One of the small and grand festivals is the Sheetala Ashtami festival, which is celebrated in Rajasthan. The Sheetala Mata fair is held at a small hamlet in Chaksu, Jaipur, Kaga and Jodhpur with great passion and zeal.
Sheetla Ashtami is celebrated during the spring season in the month of March or the beginning of April, right after seven days of Holi.
It is a common belief among all the people that worshiping Sheetla mata on Sheetla Ashtmi would prevent them from the deadly outbreak of diseases.
Sheetla Mata is commonly called the goddess of small pox. The huge excitement and gusto of celebration of the festival is worth watching. The local market is the hub to display and trade a lot of items like indigenous shoes, food items, agricultural implements during the fair on this festival.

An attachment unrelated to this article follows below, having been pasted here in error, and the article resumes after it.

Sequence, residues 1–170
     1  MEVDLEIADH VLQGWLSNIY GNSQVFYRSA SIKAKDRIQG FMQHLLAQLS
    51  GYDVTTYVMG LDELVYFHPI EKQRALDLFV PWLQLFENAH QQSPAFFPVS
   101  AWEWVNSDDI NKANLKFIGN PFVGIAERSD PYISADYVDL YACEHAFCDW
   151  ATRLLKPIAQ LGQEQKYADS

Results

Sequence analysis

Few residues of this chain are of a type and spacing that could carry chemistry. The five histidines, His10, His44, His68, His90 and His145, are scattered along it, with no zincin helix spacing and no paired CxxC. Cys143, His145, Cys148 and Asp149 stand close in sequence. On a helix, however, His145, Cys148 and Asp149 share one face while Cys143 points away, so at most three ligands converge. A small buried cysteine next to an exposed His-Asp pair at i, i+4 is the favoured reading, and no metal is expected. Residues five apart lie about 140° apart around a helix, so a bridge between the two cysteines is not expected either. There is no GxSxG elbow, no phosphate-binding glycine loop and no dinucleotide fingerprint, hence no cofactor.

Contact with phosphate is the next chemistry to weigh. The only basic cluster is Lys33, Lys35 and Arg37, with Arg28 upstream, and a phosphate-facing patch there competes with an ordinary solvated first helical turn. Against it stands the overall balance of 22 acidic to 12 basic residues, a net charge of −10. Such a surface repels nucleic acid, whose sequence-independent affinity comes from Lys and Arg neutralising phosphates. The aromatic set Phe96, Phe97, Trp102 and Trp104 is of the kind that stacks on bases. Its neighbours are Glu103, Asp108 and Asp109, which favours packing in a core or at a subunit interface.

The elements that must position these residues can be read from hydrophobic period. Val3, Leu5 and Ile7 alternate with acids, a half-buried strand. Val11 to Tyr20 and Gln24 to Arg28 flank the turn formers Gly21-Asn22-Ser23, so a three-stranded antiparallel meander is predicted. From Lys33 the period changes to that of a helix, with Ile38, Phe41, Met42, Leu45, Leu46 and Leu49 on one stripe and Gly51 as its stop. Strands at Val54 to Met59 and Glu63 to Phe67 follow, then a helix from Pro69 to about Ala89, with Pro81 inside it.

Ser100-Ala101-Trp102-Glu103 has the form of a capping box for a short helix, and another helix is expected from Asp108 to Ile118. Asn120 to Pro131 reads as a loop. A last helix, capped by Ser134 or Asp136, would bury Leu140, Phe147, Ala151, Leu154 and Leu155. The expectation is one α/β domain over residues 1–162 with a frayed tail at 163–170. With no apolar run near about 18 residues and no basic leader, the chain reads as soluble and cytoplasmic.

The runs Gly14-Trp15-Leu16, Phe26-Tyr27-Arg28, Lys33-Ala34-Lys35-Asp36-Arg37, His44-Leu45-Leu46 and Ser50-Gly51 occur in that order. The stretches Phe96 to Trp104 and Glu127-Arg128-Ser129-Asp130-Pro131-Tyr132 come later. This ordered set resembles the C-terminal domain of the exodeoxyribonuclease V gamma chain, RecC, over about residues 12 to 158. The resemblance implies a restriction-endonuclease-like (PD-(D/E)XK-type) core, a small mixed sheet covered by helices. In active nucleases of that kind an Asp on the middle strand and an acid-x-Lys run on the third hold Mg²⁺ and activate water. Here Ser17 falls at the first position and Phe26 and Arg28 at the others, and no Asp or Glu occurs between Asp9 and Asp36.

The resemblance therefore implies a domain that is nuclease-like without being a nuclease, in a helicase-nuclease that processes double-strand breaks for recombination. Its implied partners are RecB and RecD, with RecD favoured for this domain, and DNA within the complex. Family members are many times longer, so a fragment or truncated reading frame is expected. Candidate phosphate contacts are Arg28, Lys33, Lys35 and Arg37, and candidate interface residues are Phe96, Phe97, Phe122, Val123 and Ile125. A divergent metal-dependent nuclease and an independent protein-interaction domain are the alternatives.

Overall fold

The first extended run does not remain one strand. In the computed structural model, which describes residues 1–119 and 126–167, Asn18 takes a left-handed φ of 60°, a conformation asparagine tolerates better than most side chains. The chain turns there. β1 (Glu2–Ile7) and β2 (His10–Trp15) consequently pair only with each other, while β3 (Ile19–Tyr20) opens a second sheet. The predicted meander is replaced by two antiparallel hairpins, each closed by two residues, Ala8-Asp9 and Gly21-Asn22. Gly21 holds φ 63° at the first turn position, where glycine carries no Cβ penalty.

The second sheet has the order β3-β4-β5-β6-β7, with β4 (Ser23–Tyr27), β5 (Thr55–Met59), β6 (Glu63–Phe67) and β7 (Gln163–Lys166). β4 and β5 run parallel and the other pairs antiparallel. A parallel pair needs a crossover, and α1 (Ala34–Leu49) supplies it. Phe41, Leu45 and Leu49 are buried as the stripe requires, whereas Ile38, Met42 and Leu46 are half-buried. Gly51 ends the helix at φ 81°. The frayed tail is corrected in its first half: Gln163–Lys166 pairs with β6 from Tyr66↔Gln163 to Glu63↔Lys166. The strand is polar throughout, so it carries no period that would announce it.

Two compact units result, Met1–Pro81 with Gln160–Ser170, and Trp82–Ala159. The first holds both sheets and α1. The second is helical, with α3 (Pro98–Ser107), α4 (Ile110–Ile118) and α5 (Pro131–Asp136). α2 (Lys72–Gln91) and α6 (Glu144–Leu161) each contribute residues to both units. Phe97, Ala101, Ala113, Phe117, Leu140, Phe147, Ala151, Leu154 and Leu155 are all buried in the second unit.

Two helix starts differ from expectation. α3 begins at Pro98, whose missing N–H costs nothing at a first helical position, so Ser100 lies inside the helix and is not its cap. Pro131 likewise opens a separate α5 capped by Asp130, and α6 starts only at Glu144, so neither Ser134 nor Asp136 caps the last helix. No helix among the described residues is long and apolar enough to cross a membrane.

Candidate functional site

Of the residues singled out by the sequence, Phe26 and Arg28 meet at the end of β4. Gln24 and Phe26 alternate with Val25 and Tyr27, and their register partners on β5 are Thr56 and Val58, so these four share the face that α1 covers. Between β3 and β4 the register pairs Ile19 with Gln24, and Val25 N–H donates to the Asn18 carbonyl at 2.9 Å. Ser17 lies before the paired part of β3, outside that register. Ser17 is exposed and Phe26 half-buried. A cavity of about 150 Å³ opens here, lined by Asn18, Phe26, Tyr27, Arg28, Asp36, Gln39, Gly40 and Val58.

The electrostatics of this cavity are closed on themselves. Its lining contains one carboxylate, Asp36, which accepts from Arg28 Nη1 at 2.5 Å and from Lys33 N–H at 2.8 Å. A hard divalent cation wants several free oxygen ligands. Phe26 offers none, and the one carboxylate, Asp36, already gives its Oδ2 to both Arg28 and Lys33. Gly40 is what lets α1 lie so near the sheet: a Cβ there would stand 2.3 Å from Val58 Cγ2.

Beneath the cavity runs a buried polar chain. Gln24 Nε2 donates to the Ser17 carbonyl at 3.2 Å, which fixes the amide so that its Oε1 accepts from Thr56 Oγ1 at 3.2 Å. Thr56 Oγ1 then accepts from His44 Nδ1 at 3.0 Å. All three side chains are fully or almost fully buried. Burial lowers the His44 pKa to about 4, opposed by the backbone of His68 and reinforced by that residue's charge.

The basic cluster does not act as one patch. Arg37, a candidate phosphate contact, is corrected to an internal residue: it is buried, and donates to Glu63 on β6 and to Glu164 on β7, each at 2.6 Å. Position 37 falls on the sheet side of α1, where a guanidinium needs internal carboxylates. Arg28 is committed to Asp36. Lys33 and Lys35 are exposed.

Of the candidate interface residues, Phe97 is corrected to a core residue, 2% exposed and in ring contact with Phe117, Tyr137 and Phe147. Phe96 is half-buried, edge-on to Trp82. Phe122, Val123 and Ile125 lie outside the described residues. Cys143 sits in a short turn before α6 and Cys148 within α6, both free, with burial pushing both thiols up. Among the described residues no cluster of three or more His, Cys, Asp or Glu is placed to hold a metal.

Even cattle are sold here. Flocks of people dressed in colorful attires add brightness in the environment.
Musical events are organized in which the participants display their talent. There are also a lot of rituals and religious activities to be performed during the play. People feed old and needy people on the day and seek their blessings.
It is noticeable though, that some communities observe the eighth day of Krishna Paksha of every month as Sheetala Ashtami. But the most auspicious one is the Chaitra Krishna Paksha Ashtami.
Sheetala Ashtami Celebrations
Devotees prepare food on the day before Sheetla Asthami and visit the to perform the puja of the goddess on the festival along with the food. People gorge on this food which is called Baseda in local lingo as a prasad of Sheetla mata. Some consider Bajra, Rabri and curd as an essential offering on this occasion.
Sheetala Ashtami: Time to Celebrate
The auspicious day of Sheetalashtami, or Sheetala Ashtami, is dedicated to Goddess Sheetla in the month of Chaitra (March – April) as per the traditional Hindu calendar followed in North India. Devotees keep fast on the eighth day of the Krishna Paksha (waning phase of moon) in Chaitra month to cure from measles, chicken pox and small pox.